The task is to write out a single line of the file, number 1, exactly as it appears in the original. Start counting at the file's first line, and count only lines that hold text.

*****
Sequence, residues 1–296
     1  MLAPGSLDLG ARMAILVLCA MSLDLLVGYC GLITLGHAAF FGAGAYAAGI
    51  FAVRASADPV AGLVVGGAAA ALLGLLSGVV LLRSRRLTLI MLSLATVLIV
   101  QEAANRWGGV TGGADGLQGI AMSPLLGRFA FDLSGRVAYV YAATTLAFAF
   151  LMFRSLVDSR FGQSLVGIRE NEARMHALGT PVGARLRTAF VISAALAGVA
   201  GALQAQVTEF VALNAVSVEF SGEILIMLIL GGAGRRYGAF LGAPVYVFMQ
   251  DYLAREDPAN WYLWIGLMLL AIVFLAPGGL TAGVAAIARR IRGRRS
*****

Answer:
Sequence, residues 1–296